SnappyScreen is the cunning sunscreen booth that sprays holidaymakers in just TEN SECONDS

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Applying sunscreen can be a messy and time-consuming pursuit.

But thanks to a cunning device, getting ready for the beach has been made much simpler. 

SnappyScreen, which was the brainchild of New York-based Kristen McClellan, is a booth with nozzles that spray holidaymakers in just ten seconds from head to toe.

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SnappyScreen, which was the brainchild of New York-based Kristen McClellan, is a booth with nozzles that spray holidaymakers in just ten seconds from head to toe

SnappyScreen, which was the brainchild of New York-based Kristen McClellan, is a booth with nozzles that spray holidaymakers in just ten seconds from head to toe

SnappyScreen, which was the brainchild of New York-based Kristen McClellan, is a booth with nozzles that spray holidaymakers in just ten seconds from head to toe

Users use a touch screen to select their height range and which SPF they would like to apply, with 15, 30 and 40 factors on offer 

Users use a touch screen to select their height range and which SPF they would like to apply, with 15, 30 and 40 factors on offer 

Users use a touch screen to select their height range and which SPF they would like to apply, with 15, 30 and 40 factors on offer 

A YouTube video shows how users use a touch screen to select their height range and which SPF they would like to apply, with 15, 30 and 40 factors on offer.

Once inside the booth, a platform the user stands on revolves so they get a 360-degree exposure to the cream.

The booths come with disposable glasses to protect the eyes.  

McClellan came up with the idea for SnappyScreen after she had grown tired of trying to apply sunscreen over her entire body before a day in the sun. She managed to raise $400,000 from investors. 

Once inside the booth, a platform the user stands on revolves so they get a 360-degree exposure to the cream. The booths come with disposable glasses to protect the eyes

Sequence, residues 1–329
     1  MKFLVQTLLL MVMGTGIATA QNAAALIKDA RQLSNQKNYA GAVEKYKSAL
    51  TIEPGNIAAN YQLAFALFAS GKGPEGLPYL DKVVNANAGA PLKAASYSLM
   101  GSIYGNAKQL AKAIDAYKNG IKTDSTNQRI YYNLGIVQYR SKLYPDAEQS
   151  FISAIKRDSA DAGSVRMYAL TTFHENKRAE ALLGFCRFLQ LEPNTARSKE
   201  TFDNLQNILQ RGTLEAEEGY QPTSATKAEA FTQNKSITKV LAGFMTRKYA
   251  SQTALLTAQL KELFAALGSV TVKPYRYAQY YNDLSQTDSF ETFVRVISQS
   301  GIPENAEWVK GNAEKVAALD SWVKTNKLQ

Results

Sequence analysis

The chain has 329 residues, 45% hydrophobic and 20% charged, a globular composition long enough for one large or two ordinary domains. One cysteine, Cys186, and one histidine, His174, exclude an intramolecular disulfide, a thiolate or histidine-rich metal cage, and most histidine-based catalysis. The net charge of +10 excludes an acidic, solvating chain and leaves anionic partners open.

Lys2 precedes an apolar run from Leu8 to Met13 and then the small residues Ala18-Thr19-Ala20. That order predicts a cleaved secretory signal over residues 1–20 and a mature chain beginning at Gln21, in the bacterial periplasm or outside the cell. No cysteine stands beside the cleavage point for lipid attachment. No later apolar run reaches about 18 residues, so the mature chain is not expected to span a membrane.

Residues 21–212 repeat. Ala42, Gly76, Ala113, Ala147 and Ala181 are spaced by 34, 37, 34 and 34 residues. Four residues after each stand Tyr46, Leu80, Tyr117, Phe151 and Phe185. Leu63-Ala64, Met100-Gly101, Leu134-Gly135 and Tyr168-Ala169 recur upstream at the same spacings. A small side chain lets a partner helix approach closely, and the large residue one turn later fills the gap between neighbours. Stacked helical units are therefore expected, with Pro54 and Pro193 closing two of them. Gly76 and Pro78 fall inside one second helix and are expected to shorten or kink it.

McClellan came up with the idea for SnappyScreen after she had grown tired of trying to apply sunscreen over her entire body before a day in the sun and she manged to raise $400,000 from investors

McClellan came up with the idea for SnappyScreen after she had grown tired of trying to apply sunscreen over her entire body before a day in the sun and she manged to raise $400,000 from investors

McClellan came up with the idea for SnappyScreen after she had grown tired of trying to apply sunscreen over her entire body before a day in the sun and she manged to raise $400,000 from investors

She took her idea to product design company R&R Associates, which saw great potential in SnappyScreen and designers went about bringing McClellan’s idea to life.

It was originally tested at the Atlantis Resort and Hotel in the Bahamas, before being rolled out to other venues. 

Hotels and resorts that purchase SnappyScreen booths will usually place them by their pools or beach entrances.

They issue cards, much like credit-cards, that can be loaded with a certain amount of SnappyScreen credits. 

A person using a booth can swipe their SnappyScreen card before selecting their desired process. They then have seven seconds to step into the booth before the nozzles disperse the sunscreen.  

SnappyScreen was originally tested at the Atlantis Resort and Hotel in the Bahamas, before being rolled out to other venues

SnappyScreen was originally tested at the Atlantis Resort and Hotel in the Bahamas, before being rolled out to other venues

SnappyScreen was originally tested at the Atlantis Resort and Hotel in the Bahamas, before being rolled out to other venues

SnappyScreen makes most of its profits by selling the cartridges of sunscreen that go inside the machine. Hotels buy the machines at cost and then buy the four-gallon sunscreen refills in bundles sold by McClellan's company

SnappyScreen makes most of its profits by selling the cartridges of sunscreen that go inside the machine. Hotels buy the machines at cost and then buy the four-gallon sunscreen refills in bundles sold by McClellan's company

SnappyScreen makes most of its profits by selling the cartridges of sunscreen that go inside the machine. Hotels buy the machines at cost and then buy the four-gallon sunscreen refills in bundles sold by McClellan’s company

SnappyScreen makes the most of its profits by selling the cartridges of sunscreen that go inside the machine. 

Hotels buy the machines at cost and then buy the four-gallon sunscreen refills in bundles sold by McClellan’s company. 

She previously explained to CNBC that they think of the cartridges as the ‘Keurig cup of sunscreens’.

But McClellan is not out to just make money. A portion of SnappyScreen’s profits are donated to programs that educate in the prevention and protection against skin cancer.

The American Cancer Society estimates that there are 3.5million cases of non-melanoma skin cancer in the U.S. each year. McClellan believes that SnappyScreen can help to lower that number. 


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